letter to those who responded to the
Kb) exercise on revised regulations on the conduct of employment
ON THE EMPLOYMENT AGENCY REGULATIONS
you know, the Government intends to update the regulations governing
the conduct of employment bureaux, and you responded to the consultation
exercise launched in May 1999, and/or expressed an interest in
keeping in touch with developments. The Government has just made
an initial response to the representations received, covering
to perm fees
the consultation, the Government has made it clear that it believes
temporary to permanent placement to be an attractive means of
recruitment for both workers and hirers, and that it wishes to
encourage such moves. It also recognises that bureaux have legitimate
commercial interests, but remains concerned that transfer fees
and clauses can have the effect of deterring employers from taking
temporary workers on permanently when they might otherwise have
proposal in the consultation document was that bureaux would be
free to charge such fees, but only in circumstances where they
had given a commitment to the worker to provide them with work.
The rationale behind this approach was set out in the consultation
document. The Government has taken note of the industry's representations
that they could not retain even a proportion of their workforce
on the basis envisaged. It has also considered the representations
it has received about the restrictive effect of temp to perm clauses.
Government has therefore announced its intention to amend its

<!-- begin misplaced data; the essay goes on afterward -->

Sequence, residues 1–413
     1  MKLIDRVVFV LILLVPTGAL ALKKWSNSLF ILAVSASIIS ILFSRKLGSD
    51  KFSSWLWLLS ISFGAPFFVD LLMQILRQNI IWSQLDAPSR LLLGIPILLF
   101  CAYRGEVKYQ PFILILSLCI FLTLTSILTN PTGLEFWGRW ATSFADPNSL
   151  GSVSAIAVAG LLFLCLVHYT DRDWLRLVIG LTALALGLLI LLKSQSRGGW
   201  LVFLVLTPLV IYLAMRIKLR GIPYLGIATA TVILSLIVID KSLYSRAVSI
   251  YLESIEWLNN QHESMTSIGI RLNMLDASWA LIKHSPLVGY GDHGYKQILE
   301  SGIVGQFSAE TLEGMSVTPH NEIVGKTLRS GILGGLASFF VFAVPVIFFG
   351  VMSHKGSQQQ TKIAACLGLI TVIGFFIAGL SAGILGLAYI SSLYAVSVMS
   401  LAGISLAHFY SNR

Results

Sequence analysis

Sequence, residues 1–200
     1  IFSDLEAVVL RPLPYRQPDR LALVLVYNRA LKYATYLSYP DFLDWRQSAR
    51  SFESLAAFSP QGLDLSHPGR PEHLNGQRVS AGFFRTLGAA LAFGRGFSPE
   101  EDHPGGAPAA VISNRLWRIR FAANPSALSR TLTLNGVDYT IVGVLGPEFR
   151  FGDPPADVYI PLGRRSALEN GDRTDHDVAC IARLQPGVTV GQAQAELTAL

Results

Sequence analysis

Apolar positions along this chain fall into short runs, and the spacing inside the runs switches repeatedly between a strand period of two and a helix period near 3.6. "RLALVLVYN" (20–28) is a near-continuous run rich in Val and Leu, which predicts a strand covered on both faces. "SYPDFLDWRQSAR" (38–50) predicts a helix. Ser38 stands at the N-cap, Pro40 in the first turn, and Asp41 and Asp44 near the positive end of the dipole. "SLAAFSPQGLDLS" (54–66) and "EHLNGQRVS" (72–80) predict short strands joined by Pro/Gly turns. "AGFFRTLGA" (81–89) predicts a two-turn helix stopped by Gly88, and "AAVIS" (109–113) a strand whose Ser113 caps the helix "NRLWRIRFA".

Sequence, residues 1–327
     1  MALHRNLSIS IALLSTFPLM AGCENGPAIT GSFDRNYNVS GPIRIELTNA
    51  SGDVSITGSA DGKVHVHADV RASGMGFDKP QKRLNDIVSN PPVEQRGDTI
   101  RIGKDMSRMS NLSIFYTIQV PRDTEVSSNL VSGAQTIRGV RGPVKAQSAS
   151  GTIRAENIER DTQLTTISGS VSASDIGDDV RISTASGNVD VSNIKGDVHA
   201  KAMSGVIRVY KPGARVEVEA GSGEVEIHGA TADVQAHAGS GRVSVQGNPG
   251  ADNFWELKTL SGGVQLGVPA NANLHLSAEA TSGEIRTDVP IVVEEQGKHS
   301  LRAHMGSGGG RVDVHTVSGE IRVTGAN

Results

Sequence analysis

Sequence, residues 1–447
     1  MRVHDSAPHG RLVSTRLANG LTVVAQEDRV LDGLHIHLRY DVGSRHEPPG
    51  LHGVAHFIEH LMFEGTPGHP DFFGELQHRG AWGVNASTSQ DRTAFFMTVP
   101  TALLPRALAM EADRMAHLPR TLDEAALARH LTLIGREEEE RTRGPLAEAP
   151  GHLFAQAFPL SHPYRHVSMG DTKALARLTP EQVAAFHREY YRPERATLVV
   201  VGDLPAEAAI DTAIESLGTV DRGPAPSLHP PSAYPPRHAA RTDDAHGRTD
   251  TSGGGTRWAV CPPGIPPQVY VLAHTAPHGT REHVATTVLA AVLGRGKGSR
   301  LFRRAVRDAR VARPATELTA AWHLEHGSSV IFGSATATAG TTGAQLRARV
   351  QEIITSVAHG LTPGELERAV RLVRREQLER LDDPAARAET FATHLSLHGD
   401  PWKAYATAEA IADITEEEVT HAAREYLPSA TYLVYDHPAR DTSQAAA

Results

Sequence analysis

proposal, so that bureaux will still be free to charge temp to
perm fees, but only if they offer an alternative to hirers of
an extended hiring period for the worker in question, followed
by free transfer.
other words, bureaux and hirers will, as now, be free to agree
contractual terms at the start of an engagement. They could agree
that in the event of the hirer deciding to take the worker on
permanently, a temp
to perm fee would not be charged. However, where a temp to perm
fee was provided for, the hirer would be able to choose an alternative
of hiring the worker for an agreed further period through the
bureau. This proposal seeks to build on best practice in the industry,
and will allow bureaux to protect their commercial interests,
whilst ensuring hirers are not put off taking on workers permanently
simply because they do not want to pay or cannot afford a one-off
details of this proposal will be circulated as soon as possible,
and published on the DTI website.
VAT on agency carers
Another proposal in the consultation document was that, except in limited
circumstances, a temporary worker's contractual relationship should
be with the bureau supplying him or her, rather than the hirer.
Concern was expressed that this would lead to extra VAT being
payable, particularly in respect of those buying care in their
HM Customs & Excise has announced that it intends to introduce a concession
so that the wages
element of care bought by those in need in their own home does
not attract VAT. This will ensure that the VAT burden on those
least able to look after themselves is not increased, and, for
those people who already pay VAT on the cost of their carer's
wages, it will go down.
details will be provided by Customs in their Business
Brief, and on their website.
Entertainment and model agents
The draft new regulations already contain proposals to better safeguard
entertainment workers' money by the use of client accounts, but
concern continues to be expressed about the practice by some model
and entertainment agencies of demanding substantial 'up front'
registration fees from would-be actors and models, even when there
is little or no prospect of work resulting. The Government has
announced that it will be examining whether there is a practical
way of curbing such practices.
to other aspects of the proposed new regulations are under consideration.
The Government intends to make final proposals and draft guidance
on the new regulations available in the next few months, before
seeking the approval of Parliament. The new regulations, subject
to Parliamentary consideration, will then come into force later
this year, following a suitable implementation period.